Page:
On the final play of the first quarter, in a college football game in DeKalb, Ill. one decade ago, Hiawatha Rutland’s left leg buckled.
Less than three games into his senior year — and his second full season as a Big 12 Conference starting tailback — the Iowa State star tore the anterior cruciate ligament (ACL), posterior cruciate ligament (PC) and lateral collateral ligament (LCL) in his knee.
Team doctors immediately diagnosed Rutland with “drop foot,” a rare sports injury caused by peroneal nerve damage to the knee. The injury affects the ability to raise the foot at the ankle and put pressure on the knee, thus hindering basic, physical activities such as walking and climbing stairs.
Just like the knee cartilage that once gave him the strength to cut, juke and elude defenders with ease, Rutland’s NFL dream had collapsed.
“My leg looked like the letter ‘C,’ if you can imagine that,” he said. “I was just worried that I wasn’t going to be able to walk again.”
Rutland is now in the midst of a near decade-long battle with the NCAA and its insurance provider, Mutual of Omaha, to get approved for an injection that would help alleviate the knee, hip, shoulder and back pain caused by drop foot. Basic checkups and appointments are covered by Rutland’s insurance plan. The injection, which has been recommended by doctors in Ames, Iowa and New York City, isn’t.
Mutual of Omaha considers the procedure “experimental” and failed to approve five consecutive bi-annual prescriptions between 2003-2013, according to Rutland. He and his doctors continue to fill out the prescriptions once every two years in order to keep Rutland’s insurance policy active.
While “the brutal game” of football leaves its athletes susceptible to a wide array of injuries and physical ailments, Rutland said he has suffered just as much mental and psychological anguish. He binged for two years on alcohol and Cymbalta, a pill used to treat major depression disorder. The prescription was recommended by team trainers and filled by Iowa State’s student health center. Rutland even paid more than $1,000 out of pocket to see an off-campus therapist ”six to seven times” to help treat his depression.
“I would get black out drunk, go to sleep and wake up the next day in hopes of doing it again,” Rutland said. “Once it sunk in that I would never be able to play again, I was never sober.”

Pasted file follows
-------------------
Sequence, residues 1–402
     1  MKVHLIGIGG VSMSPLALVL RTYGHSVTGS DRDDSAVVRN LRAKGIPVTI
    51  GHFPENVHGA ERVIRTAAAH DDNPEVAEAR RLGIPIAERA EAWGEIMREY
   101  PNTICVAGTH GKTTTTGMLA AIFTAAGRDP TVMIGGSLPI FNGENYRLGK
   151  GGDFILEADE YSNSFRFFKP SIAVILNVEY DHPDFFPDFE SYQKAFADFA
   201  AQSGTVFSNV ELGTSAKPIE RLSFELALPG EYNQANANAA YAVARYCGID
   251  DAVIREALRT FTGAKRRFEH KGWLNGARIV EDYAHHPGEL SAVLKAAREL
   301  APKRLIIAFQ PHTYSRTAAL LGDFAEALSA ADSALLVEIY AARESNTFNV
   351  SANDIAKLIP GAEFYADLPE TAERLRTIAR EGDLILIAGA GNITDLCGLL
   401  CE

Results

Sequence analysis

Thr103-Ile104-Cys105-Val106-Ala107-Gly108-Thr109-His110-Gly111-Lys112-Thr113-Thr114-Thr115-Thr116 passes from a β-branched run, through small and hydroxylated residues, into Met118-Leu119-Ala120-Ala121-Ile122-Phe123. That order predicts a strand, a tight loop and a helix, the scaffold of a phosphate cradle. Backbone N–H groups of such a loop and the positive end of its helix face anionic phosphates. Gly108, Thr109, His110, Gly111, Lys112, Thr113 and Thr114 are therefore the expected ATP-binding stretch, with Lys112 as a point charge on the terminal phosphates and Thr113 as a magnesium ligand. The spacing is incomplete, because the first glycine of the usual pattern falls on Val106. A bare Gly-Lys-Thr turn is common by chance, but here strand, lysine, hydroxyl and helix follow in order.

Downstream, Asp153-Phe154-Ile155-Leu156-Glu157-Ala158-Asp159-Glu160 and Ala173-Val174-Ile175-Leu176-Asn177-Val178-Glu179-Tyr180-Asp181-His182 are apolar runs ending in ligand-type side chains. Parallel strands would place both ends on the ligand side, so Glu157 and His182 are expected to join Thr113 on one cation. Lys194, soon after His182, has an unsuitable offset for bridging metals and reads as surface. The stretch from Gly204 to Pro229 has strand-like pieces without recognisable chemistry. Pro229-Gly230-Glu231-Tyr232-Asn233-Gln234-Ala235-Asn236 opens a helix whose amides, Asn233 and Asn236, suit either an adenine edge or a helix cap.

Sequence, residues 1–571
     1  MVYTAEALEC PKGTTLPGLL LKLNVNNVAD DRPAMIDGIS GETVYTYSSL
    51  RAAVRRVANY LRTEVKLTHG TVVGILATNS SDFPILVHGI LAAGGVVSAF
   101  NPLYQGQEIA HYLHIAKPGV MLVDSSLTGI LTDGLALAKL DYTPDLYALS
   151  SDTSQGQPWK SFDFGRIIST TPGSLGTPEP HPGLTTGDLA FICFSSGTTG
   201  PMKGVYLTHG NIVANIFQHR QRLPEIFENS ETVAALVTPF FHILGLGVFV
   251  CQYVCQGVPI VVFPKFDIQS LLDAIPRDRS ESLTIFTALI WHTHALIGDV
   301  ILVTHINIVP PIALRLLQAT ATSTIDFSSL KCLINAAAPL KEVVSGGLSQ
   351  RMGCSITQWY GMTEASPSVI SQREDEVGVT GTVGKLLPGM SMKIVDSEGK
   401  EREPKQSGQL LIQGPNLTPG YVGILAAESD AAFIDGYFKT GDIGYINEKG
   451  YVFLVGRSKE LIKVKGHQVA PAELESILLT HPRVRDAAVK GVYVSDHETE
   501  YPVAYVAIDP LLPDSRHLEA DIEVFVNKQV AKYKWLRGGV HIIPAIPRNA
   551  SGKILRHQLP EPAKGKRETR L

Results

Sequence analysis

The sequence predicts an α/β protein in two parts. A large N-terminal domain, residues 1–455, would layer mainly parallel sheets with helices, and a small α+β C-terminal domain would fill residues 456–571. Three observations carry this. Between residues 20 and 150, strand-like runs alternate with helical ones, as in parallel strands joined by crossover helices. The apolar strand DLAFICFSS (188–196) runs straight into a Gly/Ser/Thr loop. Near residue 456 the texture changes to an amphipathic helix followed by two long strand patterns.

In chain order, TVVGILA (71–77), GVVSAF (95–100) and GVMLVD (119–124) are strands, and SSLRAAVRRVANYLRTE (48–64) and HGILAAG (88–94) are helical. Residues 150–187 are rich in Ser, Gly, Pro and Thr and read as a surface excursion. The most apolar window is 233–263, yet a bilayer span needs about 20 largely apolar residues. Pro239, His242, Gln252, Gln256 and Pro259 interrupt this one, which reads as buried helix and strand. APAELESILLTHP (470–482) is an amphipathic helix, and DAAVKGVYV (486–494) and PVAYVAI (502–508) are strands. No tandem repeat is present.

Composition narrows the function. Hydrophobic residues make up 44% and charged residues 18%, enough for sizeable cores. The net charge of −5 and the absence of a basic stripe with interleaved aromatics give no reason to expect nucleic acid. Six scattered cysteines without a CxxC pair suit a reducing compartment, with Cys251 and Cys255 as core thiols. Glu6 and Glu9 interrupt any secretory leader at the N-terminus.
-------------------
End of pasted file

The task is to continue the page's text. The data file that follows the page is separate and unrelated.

A LONG ROAD TO RECOVERY
Many in Ames have called Rutland’s injury the second most catastrophic in Iowa State football’s 121-year history. The most brutal belongs to Jack Trice, Iowa State’s first African-American athlete and also the school’s first to die of injuries sustained during athletic competition in 1923. Jack Trice Stadium, named after the late tackle in 1997, is the only college football stadium to be named after an African-American.
While playing football is no longer a part of Rutland’s life (he still plays fantasy football), the pigskin-induced pain in his shoulders, back and legs affect him “every second of every day,” he said. Three surgeries and 10 years since the injury, Rutland still struggles to do the physical things that most take for granted.
Although he hides it well, Rutland struggles to raise his left foot when he walks, especially navigating through dilapidated streets in New York City, where he lives. The nerve damage in his left knee puts extra weight on his leg, and it’s common for Rutland to drag his foot and trip over cracks in the sidewalk. It’s why he rides his bike more than 20 miles a day, from his sixth-floor walkup in Harlem to the Lower Manhattan Arts Academy (LoMA), where he teaches ninth-grade English. Biking helps the 32-year-old to stay in shape. It also eases the pain.
During Rutland’s visit to the Hospital for Special Surgery in New York City in February he received another prescription for a Synvisc injection to rid him of his knee arthritis, but the procedure is still considered “experimental” and has yet to be approved by the NCAA and Mutual of Omaha. Synvisc, typically administered as a series of three injections into the knee joint, has been shown to help alleviate arthritis symptoms for six months and even delay the need for knee replacement surgery.